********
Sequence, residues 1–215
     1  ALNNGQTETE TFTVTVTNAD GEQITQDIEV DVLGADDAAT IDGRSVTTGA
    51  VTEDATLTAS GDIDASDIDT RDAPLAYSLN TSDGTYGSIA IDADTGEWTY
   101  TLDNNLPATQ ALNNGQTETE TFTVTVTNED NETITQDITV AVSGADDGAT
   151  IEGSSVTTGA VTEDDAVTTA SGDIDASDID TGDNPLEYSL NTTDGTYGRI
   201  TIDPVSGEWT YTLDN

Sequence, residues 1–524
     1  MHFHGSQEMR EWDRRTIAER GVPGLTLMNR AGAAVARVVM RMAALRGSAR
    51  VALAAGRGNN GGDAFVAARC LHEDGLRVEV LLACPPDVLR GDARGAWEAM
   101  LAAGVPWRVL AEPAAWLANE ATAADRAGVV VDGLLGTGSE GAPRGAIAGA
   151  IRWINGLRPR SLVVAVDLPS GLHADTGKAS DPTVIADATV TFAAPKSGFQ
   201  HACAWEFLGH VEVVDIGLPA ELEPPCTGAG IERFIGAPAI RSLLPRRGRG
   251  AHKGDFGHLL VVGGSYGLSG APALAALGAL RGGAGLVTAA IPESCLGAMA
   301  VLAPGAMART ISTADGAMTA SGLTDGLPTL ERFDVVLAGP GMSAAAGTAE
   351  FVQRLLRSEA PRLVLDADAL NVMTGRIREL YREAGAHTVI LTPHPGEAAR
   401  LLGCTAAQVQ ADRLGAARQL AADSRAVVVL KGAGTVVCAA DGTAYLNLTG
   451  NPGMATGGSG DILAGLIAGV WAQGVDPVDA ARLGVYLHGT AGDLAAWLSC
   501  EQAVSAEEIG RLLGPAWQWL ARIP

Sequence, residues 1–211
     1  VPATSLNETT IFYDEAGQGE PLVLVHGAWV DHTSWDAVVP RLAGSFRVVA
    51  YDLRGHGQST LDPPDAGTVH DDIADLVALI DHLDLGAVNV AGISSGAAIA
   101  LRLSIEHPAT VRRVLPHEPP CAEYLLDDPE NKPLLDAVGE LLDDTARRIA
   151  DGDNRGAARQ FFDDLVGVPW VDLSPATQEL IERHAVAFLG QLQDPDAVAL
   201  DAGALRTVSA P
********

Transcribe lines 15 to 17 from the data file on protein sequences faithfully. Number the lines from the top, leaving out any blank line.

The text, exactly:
   351  FVQRLLRSEA PRLVLDADAL NVMTGRIREL YREAGAHTVI LTPHPGEAAR
   401  LLGCTAAQVQ ADRLGAARQL AADSRAVVVL KGAGTVVCAA DGTAYLNLTG
   451  NPGMATGGSG DILAGLIAGV WAQGVDPVDA ARLGVYLHGT AGDLAAWLSC